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Reviewed by:
  • Avatares de la medicalización en América Latina, 1870-1970
  • Vera Blinn Reber
Avatares de la medicalización en América Latina, 1870-1970. Edited by Diego Armus. Buenos Aires: Lugar Editorial, 2005. Pp. 304. Notes.

The ten articles in this collection concentrate on a century of changes and perspectives in medical practice in Latin America. Two articles focus on Argentina, three on Brazil, three on Mexico, and one is a comparative study of Argentina, Brazil and Chile. Although all but one of the articles has been previously published, they reflect the diversity of research into the history of medicine published within the last five years, and Diego Armus's Introduction provides an important overview of the historiography on disease and illness in Latin America. Collectively, the chapters concentrate on the social and political dimensions of disease and consider the national and international issues that shape public health policy.

Laura Malosetti Costa examines the Uruguayan Juan Manuel Blanes's portrayal of the yellow fever epidemic of 1871 in Buenos Aires in an effort to understand its emotional effects. Two poor quality prints provide a glimpse of death's tragedy. Diego Armus considers patients' protests against medical policies and treatment, with a special focus on individual and group protests at the Sanatorio National de Tuberculosis Santa María in Cosquín, Córdoba, where patients organized marches and went on hunger strikes against the quality of food and strict schedules. Punishments were swift and varied from expulsion and corporal discipline to limitation of privileges. Armus also looks at conflicts involving the Department of Hygiene, physicians and patients over the adoption of the Pueyo vaccine, developed by an amateur biologist for the cure of Tuberculosis. Historians have rarely considered patients' protests, a significant topic for understanding patient perspectives.

In the only article written specifically for the collection, Susana Belmartino's ambitious effort compares the health services in Argentina, Brazil and Chile. She concludes that national differences originated in the historical process of state formation, the timing of the adoption of European developments of social security and the relationship among the state and political parties and interest groups. Three articles focus on medical issues in Brazil: Nísia Trinidade Lima and Gilberto Hochman examine issues of race and medicine in the medical-hygiene movement of the First Republic; Sérgio Carrara evaluates syphilis, race and national identity in Brazil between the wars; and Simone Petraglia Kropf, Nara Azevedo and Luiz Otávio Ferreira focus on chagas, a disease caused by blood-sucking insects that live in mud walls and for which there is treatment but no cure. This latter article documents the recognition of chagas as a significant medical and social issue in Brazil from 1909-1950.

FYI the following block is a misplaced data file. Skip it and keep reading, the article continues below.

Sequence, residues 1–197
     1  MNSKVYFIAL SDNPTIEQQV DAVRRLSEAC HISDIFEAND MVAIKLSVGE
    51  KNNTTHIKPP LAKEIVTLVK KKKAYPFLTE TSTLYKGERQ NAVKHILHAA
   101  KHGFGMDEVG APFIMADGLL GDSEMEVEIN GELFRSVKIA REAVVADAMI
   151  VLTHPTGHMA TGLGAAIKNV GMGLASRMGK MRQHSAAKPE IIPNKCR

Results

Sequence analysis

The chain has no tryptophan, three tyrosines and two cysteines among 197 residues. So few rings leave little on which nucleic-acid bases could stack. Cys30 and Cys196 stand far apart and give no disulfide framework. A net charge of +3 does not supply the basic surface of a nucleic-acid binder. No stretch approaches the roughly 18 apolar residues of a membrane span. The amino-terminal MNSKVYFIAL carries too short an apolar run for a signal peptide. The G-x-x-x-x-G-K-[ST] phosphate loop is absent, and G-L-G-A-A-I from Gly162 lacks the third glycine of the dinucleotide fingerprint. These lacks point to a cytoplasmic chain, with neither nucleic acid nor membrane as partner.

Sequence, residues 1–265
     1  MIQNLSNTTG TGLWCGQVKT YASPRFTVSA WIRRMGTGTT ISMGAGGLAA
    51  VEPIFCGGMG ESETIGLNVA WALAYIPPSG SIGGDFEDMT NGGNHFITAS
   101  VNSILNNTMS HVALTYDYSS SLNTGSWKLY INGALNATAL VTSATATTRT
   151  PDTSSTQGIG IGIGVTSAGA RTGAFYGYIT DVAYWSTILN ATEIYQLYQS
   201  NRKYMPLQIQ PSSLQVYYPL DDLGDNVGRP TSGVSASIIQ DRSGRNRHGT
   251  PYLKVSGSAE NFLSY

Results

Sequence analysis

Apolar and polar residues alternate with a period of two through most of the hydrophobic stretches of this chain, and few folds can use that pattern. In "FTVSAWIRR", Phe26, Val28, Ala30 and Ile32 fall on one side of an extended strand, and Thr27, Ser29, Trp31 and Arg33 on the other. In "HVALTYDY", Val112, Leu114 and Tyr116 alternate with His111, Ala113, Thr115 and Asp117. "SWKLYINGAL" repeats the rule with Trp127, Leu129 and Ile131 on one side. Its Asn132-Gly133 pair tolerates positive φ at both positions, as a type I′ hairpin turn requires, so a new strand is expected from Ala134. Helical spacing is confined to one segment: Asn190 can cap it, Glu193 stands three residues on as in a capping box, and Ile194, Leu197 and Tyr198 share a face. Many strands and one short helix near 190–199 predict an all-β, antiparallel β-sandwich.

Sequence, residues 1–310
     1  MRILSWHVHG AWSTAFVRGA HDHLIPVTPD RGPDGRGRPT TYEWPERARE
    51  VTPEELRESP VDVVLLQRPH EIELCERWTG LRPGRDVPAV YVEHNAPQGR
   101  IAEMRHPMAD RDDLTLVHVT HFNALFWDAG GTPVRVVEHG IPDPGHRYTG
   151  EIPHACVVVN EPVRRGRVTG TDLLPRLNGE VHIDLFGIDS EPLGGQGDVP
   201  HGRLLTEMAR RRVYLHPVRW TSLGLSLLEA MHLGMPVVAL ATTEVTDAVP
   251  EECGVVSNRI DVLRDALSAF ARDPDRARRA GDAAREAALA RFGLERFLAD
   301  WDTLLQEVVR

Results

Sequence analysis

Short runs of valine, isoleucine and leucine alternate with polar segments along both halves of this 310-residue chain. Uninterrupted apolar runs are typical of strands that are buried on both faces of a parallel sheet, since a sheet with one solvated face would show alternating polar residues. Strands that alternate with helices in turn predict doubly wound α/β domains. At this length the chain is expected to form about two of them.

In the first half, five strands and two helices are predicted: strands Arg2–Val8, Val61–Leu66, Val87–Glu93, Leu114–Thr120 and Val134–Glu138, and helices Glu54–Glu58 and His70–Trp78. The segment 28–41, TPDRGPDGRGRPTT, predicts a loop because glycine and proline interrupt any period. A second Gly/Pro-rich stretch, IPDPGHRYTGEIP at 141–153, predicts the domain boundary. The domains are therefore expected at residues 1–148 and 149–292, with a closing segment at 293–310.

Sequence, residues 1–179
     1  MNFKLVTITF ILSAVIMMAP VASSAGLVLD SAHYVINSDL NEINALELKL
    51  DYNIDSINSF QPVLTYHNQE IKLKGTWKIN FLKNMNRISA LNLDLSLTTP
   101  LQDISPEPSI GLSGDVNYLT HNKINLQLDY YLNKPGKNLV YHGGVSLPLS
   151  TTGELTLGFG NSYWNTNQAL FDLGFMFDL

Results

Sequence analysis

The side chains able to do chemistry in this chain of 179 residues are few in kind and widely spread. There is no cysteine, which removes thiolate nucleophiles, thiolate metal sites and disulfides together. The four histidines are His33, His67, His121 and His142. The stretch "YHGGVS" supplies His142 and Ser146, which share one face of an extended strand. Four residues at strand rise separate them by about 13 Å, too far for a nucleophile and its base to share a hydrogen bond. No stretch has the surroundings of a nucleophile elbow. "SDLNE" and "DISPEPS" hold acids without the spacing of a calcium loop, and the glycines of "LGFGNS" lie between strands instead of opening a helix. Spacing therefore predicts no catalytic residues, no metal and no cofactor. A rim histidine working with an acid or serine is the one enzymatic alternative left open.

Three articles deal with Mexico. Claudia Agostoni explores why late nineteenth-century Mexican physicians, as part of public health efforts, attempted to change the activities of the poor. The efforts of the medical profession to educate the public, particularly women, on health and hygiene were linked to nationalism and the modernization [End Page 674] of the state. Eric Van Young examines a psychiatric hospital, Manicomio General, that operated in Mexico City from 1910-1968. He views mental patients as subalterns and the institution as part of the Mexican government's modernization efforts. In a concluding essay Alexandra Stern discusses how science employed various approaches to avoid the use of "race" to characterize and describe Mexicans from 1920 to 1960. These approaches, rather than ending racism, contributed to the growth of new stereotypes.

Although the authors do not use new types of sources, their research is solidly grounded and broadly conceived, with disease considered as a social construction. As recently as the 1970s, physicians authored most of the publications concerning medicine in Latin America, in works that too often were narrowly focused. The historians in Avatares de la medicalización posit new questions and use interpretations and approaches from other disciplines to place their studies within a broader context of Latin American history. This volume would have been strengthened by an index, conclusion, and a more comparative approach, but all of the articles are significant contributions to new approaches on Latin American medical history...


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pp. 674-675
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